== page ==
8. No Refrigerator at work! Don’t let the lack of a fridge stop you from bringing a lunch. Many foods don’t need to be cooled until lunch time with the exception of fish as the smell may not go over well with coworkers.  This also ensures foods aren’t too cold and instead at a savory room temperature. If you are really concerned, don’t pack foods that require fridge storage such as yogurts, fish, and yogurt/mayo based items OR add a cooler ice pack. Note, if you end up not eating your lunch make sure you finish it that evening or promptly put in the fridge at home.

9.  Plan ahead: It’s challenging to plan ahead. I know. I find myself at the grocery store more than I would like. I keep a running list in a draft email. A notes app on your phone or even a piece of paper works. When you find some idea or recipe you like, write it down and refer to it when making your grocery list. Set aside a consistent time weekly to make that grocery list. Doing so will save you time later and make your stomach happier. Start small.  Plan to bring your lunch two times this week no more.

10.  Offensive on mindless snacking: Don’t add chips if your downfall is 3pm mindless snacking. Add bean or lentil based chips, carrot sticks, popcorn, roasted chickpeas, for that craving time.  Don’t hesitate adding a snack if it will prevent you from eating that 3pm cookie or oversized Frappuccino. Always have a “staples” list as part of the grocery list so that you can supplement your lunch with health snacks. For kids, the snack time can be the treat time. Maybe a packaged health bar such as KIND, 88 Acres or Larabarfor kids especially. These packaged treats can satisfy the desire for their friends’ foods.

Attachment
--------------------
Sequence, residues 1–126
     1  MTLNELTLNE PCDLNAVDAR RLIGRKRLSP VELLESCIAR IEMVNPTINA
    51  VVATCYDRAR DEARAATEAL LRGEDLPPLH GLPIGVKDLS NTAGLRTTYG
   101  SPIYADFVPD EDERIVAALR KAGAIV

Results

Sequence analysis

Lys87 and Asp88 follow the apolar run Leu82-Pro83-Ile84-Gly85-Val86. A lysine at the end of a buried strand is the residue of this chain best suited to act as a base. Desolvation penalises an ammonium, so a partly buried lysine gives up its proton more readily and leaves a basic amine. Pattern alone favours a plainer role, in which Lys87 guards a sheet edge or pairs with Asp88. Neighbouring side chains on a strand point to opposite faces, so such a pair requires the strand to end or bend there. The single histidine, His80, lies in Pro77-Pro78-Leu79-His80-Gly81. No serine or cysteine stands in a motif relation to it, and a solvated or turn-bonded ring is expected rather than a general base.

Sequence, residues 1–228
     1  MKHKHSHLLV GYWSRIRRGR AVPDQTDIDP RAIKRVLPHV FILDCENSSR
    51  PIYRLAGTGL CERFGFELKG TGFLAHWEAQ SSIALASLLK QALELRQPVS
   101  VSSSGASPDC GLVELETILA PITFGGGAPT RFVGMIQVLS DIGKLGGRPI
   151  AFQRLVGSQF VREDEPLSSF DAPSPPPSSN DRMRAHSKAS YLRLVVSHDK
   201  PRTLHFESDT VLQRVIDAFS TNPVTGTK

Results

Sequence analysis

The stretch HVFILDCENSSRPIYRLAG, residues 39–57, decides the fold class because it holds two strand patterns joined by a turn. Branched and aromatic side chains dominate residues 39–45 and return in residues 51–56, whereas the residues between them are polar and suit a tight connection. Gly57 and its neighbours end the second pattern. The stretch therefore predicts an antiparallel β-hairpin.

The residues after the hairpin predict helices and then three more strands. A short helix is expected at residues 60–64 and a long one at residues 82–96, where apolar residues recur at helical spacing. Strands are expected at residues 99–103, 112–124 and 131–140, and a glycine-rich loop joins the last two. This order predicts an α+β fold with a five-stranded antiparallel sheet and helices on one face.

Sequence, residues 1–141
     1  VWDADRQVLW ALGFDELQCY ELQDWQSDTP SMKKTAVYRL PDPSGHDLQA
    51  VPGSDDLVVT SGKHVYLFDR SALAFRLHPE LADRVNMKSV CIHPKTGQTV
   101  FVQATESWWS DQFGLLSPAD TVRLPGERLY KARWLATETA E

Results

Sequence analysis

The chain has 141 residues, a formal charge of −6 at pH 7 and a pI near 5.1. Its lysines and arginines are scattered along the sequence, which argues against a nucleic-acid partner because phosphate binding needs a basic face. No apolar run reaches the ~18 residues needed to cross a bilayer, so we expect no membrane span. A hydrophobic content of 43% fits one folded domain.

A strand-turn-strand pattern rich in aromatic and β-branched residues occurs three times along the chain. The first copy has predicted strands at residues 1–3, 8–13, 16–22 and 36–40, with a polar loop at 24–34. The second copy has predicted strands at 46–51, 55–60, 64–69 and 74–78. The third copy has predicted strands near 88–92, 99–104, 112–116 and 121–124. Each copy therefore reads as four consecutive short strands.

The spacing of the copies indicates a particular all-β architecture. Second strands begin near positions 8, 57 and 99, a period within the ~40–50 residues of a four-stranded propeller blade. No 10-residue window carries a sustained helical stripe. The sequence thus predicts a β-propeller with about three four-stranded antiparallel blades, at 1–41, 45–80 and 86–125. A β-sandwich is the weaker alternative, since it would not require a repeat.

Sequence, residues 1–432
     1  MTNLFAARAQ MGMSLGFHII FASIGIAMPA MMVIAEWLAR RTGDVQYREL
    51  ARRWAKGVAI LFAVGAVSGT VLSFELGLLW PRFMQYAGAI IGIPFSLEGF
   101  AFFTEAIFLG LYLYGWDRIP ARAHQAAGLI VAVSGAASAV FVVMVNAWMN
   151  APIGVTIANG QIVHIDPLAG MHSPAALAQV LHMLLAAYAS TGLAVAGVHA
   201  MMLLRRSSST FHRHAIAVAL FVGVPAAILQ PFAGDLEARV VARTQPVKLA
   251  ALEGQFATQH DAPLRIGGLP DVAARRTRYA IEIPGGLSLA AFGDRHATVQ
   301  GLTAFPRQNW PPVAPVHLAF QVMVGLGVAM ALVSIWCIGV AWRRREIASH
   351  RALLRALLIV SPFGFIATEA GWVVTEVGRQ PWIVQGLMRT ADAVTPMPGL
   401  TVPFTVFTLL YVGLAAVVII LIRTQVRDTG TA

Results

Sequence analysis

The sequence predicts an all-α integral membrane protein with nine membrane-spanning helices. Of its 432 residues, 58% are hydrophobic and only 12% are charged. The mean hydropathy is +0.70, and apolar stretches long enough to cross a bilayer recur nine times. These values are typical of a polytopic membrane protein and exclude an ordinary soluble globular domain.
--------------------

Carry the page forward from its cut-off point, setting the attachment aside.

Lastly, there are numerous sites with information on Bento lunches. What’s a bento lunch? Check out my recent newsletterhighlighting Bento lunches. Remember you don’t have to follow these exactly; instead, use to spurn food ideas and simplify with the steps above.

Overall, lunch should be the most nutrient efficient meal of the day. It replenishes you from the morning rush and re-energizes you for the rest of the day. Contact me for more habit changing methods. And stay tuned for an online meal planning “Pack Your Lunch!” program to learn grocery tips, cooking efficiency and more in four easy weeks!

Here's lunch with last night's grilled balsamic vinaigrette chicken with polenta squares. Complemented by grass fed ground beef sauteed with peppers and onions and a raw veggie salad.